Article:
Aperol has been making its iconic orange aperitif for more than 100 years, but can supermarket versions rival the original on taste and help you bag a bargain?
In this case, we found you're better off buying branded. Aperol came out on top when rated against M&S's Aperitivo and Aldi's cheaper Aperini.
All the citrus aperitifs were made up as an Aperol Spritz and blind-tasted by 100 Aperol Spritz fans in May 2022. They rated the flavour, aroma, appearance and mouthfeel of each one, and told us what they liked and disliked.
Aperol won out in our 2022 test, but our tasters didn't find much to separate it from the M&S Aperitivo, so this is another good option.
You won't save any money (at full price) with M&S's Aperitivo, but it's a good alternative if you can't get hold of the real deal.
Aperol had the highest score in our taste test, beating both the supermarkets.
The majority of the panel loved the distinctive bright orange colour that's made it such a stalwart of sun-drenched patios, and it got high marks for both aroma and mouthfeel.
Most tasters found it had the perfect alcoholic kick, and a good level of sweetness, with several commenting on its 'well-balanced' and 'fruity' flavour. Some were a little less keen on the strong aftertaste though.
This drink is a good all-rounder, and a decent choice if you're struggling to find Aperol in the shops.
Although its flavour impressed overall, nearly half our testers felt this drink wasn't sweet enough and was a little too bitter, which might be the main giveaway that you're not drinking the classic brand.
Otherwise, most of our panel thought the colour and the strength of alcohol flavour were about bang on.
More than half our tasters wanted a more vibrant colour than the peachy orange in their cup, and they thought it didn't smell as appealing as the others either.
More importantly, the flavour just didn't hit the high notes of M&S or Aperol. A few tasters found it less bitter than the other two - some people might prefer this, but for others the bitter citrus tang is a hallmark of a good spritz.
Pour these into a large wine glass filled with ice and garnish with an orange slice.
Alternatively, you can make your spritz with equal parts Aperol and prosecco if you like a more bitter taste. Aldi recommends leaving out the soda water for its Aperini Aperitif, and mixing it with crushed ice.
At 11% ABV, Aperol is on the lower end of alcohol content for a liqueur, but it's still worth being mindful of your mix if you're watching what you drink.
Adding a 12% prosecco to your spritz makes the drink around 1.5 units. You can lower this by changing up your recipe, using more soda water than prosecco.
It's worth bearing in mind which Aperol alternative you buy too. Whilst Aperol and Aldi's drinks are 11% ABV, M&S's Aperitivo is stronger at 15% - enough to up the units for a 25ml serving from 0.25 to 0.4.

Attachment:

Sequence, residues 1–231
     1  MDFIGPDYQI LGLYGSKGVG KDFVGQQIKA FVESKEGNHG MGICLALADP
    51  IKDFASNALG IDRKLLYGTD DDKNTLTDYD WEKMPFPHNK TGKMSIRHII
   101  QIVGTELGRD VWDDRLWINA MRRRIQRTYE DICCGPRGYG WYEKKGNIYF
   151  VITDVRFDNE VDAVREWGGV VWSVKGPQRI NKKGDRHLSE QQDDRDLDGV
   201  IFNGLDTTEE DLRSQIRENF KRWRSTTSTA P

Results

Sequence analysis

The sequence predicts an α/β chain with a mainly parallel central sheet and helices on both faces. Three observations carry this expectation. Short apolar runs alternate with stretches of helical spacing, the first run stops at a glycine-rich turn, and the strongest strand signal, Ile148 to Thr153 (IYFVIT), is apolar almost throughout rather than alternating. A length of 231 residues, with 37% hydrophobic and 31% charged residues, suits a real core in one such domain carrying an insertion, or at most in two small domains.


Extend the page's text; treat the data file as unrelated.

The typical supermarket price for Aperol is £15 for a 70cl bottle, but savvy shopping can help you bag a bottle for less.
Many supermarkets run deals on seasonal drinks such as Aperol and Pimm's at the slightest hint of a sunny weekend, but you'll have to be quick as they can sell out fast.
Aperol comes under the 'aperitif' family. These drinks were originally designed to be had before a meal to stimulate the appetite, though nowadays you'll find it on all sorts of menus, from your favourite brunch spot to a cocktail bar.
The makers of Aperol have kept the recipe a tightly guarded secret for over 100 years, but they have revealed that oranges (bitter and sweet varieties), rhubarb, herbs and roots are in the blend.
It's easy to get the two confused - Campari is another Italian aperitif sold in a tall glass bottle (plus they're owned by the same company). However, they're very different drinks.
Campari is much more alcoholic (around 25% ABV compared to 11% for Aperol). This also makes it stronger and more bitter on the palette than Aperol.
Its colour is just as distinctive, though Campari stands out for its deep brick red rather than the bright orange of Aperol.
You can directly swap out Aperol for Campari in your Prosecco spritz for a punchier drink, but Campari is probably better known for its starring role in a Negroni cocktail. To make a Negroni, pour equal parts Campari, gin and sweet vermouth in a glass filled with ice and garnish with (you guessed it) a slice of fresh orange.
Glass bottles can usually go in your household recycling bin. If your council doesn’t accept them, you can take them to a local bottle bank.
The recycling process can vary depending on where you live, so make sure to check with your local area if bottles require rinsing first and whether metal screw caps should be replaced or recycled separately.